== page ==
Interop 2011 keynotes: Where's the networking beef?

Interop Las Vegas 2011 keynotes were heavy on cloud talk, but light on what counts for engineers: beefy networking news. HP and Citrix brought a little nutrition to the table.

Tuesday morning Interop 2011 keynotes were heavy on cloud-washing and CIO-focused presentations, but short on the meaty networking topics engineers came to hear about.

Only a few little interesting golden nuggets of information emerged:

HP's Interop keynote gets 'gutsy' with Cisco

HP's Dave Donatelli, executive vice president and general manager of enterprise, storage and networking, rehashed HP's Interop news, running down the FlexNetwork vision and the smattering of products, such as the A10500 series of campus core switches. Unfortunately, HP continues to benchmark these new switches against the Catalyst 6500, a decade-old platform (which perhaps speaks to the need for Cisco to do something new in the campus core).

The highlight of the HP Interop presentation was HP distinguished architect Les Stuart's live demo of Intelligent Management Center (IMC), HP's beefy network management product. Stuart apparently demonstrated IMC with his home network, showing how IMC has multivendor support and is capable of managing 1,000 different Cisco devices, which according to Greg Ferro of EtherealMind was "gutsy."

During the demo, Stuart clicked into a Cisco router that was kicking up an orange alert on his dashboard, and gained visibility and manageability over the firmware and configuration. "I can modify that configuration and push it out to this device or to many devices," he said.

Stuart also showed IMC's visibility into virtual infrastructure and the federation it has with server orchestration technology. He took the audience from a global topology map in IMC and drilled down to a virtual server view, then down to a virtual workload/virtual machine view, and finally showed how to view all the physical assets associated with a virtual machine. He also demonstrated how to initiate a virtual machine migration (vMotion) from within IMC.

Citrix Interop keynote: Service delivery controllers

Citrix Systems CEO Mark Templeton tossed around a lot of cloud buzzwords before getting into product specifics, including the release of the new NetScaler SDX series, a "service delivery controller." Citrix is trying to contrast application delivery controllers from service delivery.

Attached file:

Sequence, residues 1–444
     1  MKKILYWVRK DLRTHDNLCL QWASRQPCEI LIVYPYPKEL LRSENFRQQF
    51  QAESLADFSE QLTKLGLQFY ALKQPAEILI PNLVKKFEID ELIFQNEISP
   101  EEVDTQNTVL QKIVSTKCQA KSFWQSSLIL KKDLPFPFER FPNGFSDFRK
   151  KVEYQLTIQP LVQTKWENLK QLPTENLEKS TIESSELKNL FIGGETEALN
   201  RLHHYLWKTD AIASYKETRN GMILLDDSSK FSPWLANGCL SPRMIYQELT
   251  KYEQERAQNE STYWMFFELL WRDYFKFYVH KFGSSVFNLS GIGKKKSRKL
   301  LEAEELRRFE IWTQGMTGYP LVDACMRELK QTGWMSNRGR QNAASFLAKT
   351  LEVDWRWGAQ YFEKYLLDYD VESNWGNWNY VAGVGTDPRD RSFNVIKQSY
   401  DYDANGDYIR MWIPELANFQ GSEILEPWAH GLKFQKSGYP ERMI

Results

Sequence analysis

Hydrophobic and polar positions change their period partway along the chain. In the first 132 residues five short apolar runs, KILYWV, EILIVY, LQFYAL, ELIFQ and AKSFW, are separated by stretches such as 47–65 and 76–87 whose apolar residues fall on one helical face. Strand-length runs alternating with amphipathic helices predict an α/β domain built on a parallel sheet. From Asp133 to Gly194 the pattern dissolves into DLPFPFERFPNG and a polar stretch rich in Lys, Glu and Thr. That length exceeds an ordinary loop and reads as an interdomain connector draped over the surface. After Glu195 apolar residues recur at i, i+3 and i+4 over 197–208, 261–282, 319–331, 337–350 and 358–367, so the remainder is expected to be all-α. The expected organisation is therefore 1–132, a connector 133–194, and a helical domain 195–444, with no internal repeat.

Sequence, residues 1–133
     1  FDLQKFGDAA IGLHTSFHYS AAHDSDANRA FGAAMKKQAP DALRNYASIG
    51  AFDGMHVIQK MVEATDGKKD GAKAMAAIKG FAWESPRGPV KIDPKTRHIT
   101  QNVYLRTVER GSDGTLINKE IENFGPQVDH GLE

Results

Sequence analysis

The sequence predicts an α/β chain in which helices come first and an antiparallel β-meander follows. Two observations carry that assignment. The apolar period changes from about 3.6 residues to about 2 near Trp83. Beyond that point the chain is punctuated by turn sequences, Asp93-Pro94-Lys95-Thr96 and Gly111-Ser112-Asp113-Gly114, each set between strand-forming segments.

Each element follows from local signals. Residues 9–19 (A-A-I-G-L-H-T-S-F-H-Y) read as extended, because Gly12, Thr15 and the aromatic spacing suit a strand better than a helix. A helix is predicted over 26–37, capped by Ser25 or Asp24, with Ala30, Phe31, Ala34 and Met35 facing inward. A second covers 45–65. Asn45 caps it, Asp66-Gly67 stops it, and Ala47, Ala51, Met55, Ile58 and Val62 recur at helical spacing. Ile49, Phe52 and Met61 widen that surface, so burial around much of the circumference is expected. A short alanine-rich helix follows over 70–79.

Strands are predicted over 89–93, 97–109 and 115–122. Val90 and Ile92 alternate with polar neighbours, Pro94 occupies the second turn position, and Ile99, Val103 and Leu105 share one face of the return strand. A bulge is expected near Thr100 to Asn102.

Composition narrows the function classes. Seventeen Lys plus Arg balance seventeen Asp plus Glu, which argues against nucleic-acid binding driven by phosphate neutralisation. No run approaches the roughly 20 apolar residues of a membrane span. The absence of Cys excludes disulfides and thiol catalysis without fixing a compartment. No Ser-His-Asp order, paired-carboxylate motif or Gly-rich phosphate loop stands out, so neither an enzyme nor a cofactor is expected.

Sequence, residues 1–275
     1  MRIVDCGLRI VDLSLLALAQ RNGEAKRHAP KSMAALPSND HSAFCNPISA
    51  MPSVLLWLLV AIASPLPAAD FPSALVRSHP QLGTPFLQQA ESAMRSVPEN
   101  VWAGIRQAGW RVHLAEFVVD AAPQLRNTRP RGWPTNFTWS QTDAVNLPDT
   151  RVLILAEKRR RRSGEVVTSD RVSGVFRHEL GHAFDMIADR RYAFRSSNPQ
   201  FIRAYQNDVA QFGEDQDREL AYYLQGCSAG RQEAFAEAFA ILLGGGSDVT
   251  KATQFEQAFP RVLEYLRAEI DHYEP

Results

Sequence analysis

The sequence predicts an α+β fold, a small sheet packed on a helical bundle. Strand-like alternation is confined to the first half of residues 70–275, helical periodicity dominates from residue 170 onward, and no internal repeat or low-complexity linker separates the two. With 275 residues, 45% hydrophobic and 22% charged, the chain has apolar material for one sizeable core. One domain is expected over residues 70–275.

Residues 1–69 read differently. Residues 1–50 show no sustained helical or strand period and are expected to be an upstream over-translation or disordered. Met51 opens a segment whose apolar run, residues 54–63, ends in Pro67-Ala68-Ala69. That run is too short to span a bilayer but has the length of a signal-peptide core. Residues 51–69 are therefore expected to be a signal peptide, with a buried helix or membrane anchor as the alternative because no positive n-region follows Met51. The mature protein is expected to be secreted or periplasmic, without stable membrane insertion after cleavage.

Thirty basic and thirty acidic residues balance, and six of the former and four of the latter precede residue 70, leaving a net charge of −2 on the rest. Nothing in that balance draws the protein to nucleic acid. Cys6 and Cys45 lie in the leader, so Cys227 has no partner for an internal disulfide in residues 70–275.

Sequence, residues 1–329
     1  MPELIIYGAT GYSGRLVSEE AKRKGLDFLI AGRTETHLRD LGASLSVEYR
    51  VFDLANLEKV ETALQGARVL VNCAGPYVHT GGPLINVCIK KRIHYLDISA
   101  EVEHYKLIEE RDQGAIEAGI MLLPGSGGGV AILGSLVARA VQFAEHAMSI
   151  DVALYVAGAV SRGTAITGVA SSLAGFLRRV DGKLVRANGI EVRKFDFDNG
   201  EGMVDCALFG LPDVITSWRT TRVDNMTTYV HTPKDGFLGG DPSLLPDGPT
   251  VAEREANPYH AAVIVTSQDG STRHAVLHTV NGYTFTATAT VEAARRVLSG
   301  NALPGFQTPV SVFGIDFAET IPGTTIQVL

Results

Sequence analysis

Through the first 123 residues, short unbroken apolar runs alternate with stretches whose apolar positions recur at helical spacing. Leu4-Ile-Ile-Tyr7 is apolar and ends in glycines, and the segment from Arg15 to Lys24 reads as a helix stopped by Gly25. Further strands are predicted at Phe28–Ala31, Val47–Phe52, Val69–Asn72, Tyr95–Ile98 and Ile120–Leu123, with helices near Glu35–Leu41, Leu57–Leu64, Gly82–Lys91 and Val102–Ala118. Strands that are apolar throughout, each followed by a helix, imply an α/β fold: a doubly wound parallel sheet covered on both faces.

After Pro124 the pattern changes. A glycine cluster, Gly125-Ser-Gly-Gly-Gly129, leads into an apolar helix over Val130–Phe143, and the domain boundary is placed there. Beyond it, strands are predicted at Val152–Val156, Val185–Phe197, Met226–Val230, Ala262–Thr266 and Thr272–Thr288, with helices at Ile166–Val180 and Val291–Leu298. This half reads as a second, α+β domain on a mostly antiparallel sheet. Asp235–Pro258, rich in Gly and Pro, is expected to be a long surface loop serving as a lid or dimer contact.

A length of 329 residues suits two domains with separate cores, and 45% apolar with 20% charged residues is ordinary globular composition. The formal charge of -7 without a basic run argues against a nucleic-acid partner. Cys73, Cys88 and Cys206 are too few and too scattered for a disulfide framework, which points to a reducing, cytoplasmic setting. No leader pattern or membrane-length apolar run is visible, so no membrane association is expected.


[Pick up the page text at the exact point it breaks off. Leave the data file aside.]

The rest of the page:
The SDX series is a single piece of hardware that can be upgraded through software license to three different versions, the 17500, the 19500 and the 21500. The top-of-the-line SDX 21500 version has 50 Gbps of HTTP throughput.

Templeton said the SDX uses Citrix's hypervisor software, Xen, to partition the physical box into as many as 16 virtual instances so that enterprises can run specific virtual versions of the SDX – with different settings, configurations and software versions  – tuned to work with specific services within the enterprise.

Templeton also announced AppFlow, a new protocol he describes as "NetFlow for Apps." AppFlow is an open protocol from the start, which basically provides rich Layer 4-7 information in a flow-based form.

And then there was CIO ramble...

The conversation between Internet inventor and Google Chief Internet Evangelist Vint Cerf and Interop founder Dan Lynch was charming, but nothing worth reiterating here. They reminisced about the Wild West days of the 1970s and 1980s with funny stories about MCI's early attempts at inventing commercial email services, the reasons behind the lack of native security on the Internet, and a partial strip-tease that Cerf did during a contentious meeting of engineers during the very early debates over what would eventually become IPv6.

Cisco CIO Rebecca Jacoby and Cisco senior vice president Brett Galloway presented a good-natured amble through high level concepts better suited for a CIO-level presentation. They spoke about the development of Cisco's internally-facing private cloud infrastructure (a presentation that focused more on total cost of ownership and provisioning lead times than on actual implementation details). They also did hypothetical high-level rundowns of the business benefits of deploying their mobility and policy control capabilities in a healthcare environment and their video and telepresence capabilities in a global bank. Again the details focused on business benefits rather than implementation, something more appropriate for a CIO conference. Perhaps I'm wrong, but are there more IT executives than engineers at Interop this year? You tell me.

To learn more about Interop, view our 2011 Interop Las Vegas conference page.

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